- There is a possibility that the requested information does not
exist.  It is because of this that I have set the price at the allowed
maximum of $200.  Hopefully, this will be enough of an incentive for
someone to spend some time researching.

- I?m asking that this be open for clarification, so that I can
elaborate on the question, and ask for follow-up or more research,
depending on the response I get.

Thank you,

Request for Question Clarification by pafalafa-ga on 25 Mar 2004 17:06 PST

WOW, is this one ever frustrating!  Hard to believe you've come so
close, but haven't been able to cross that magic April 1 dividing

I've been giving this a good look, and some thought, and have a
question or two, if you don't mind:

--Isn't an April 4, 1996 publication proof that the idea existed
before 4/1/66, since it generally takes months (or longer) for a paper
to be accepted.

--I found a reference to 1995 (and earlier) toys with infrared inputs
and outputs.  Conceptually, that can be construed as infrared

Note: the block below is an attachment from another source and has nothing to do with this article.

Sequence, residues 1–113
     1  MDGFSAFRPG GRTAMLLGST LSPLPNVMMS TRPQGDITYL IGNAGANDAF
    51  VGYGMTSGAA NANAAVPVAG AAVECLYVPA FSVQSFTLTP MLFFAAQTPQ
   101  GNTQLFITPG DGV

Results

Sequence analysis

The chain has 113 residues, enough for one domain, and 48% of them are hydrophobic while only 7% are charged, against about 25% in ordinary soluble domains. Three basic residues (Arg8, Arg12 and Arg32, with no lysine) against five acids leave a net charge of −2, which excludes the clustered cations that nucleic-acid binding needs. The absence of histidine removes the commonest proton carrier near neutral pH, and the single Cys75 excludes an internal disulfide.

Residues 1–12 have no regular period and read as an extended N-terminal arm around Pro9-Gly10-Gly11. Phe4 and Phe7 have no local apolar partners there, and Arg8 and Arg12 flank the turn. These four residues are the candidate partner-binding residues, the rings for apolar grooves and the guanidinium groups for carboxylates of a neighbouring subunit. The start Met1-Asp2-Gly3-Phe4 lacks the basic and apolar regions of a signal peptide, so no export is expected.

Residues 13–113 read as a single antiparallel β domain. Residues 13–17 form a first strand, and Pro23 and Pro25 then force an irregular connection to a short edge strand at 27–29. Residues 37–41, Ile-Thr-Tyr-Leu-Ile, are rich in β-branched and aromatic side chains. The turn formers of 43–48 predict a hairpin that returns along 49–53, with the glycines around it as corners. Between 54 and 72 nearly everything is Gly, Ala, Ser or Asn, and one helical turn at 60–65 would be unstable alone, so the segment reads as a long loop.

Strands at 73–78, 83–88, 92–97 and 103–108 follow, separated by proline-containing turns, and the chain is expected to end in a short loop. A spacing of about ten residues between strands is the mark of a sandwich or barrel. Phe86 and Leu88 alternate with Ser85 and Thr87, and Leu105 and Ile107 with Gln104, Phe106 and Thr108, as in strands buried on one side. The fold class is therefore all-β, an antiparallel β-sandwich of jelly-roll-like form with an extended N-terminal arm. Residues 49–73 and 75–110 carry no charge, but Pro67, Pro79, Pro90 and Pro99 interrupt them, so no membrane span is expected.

communication, but so far, the actual description of the toys
"communicating" is still eluding me.  Would this reference be useful,
just the same?

I just wanted to get your feedback on these things.  Thanks.

Subject: Re: Infrared Communication between Toys
Answered By: pafalafa-ga on 25 Mar 2004 18:27 PST
Rated:4 out of 5 stars

Mitchel Resnick, one of the authors of the paper you linked to in your
question -- a paper that would be "exactly what you need" if only it
was published a few days earlier -- also published a very similar
paper in 1993.  The 1993 paper, entitled, "Behavior Construction
Kits", describes the programmable Lego bricks, two-way infrared
communication between the bricks, and even contains the list of
"Twenty Things to Do...".

However...this was the frustrating part...the paper didn't appear to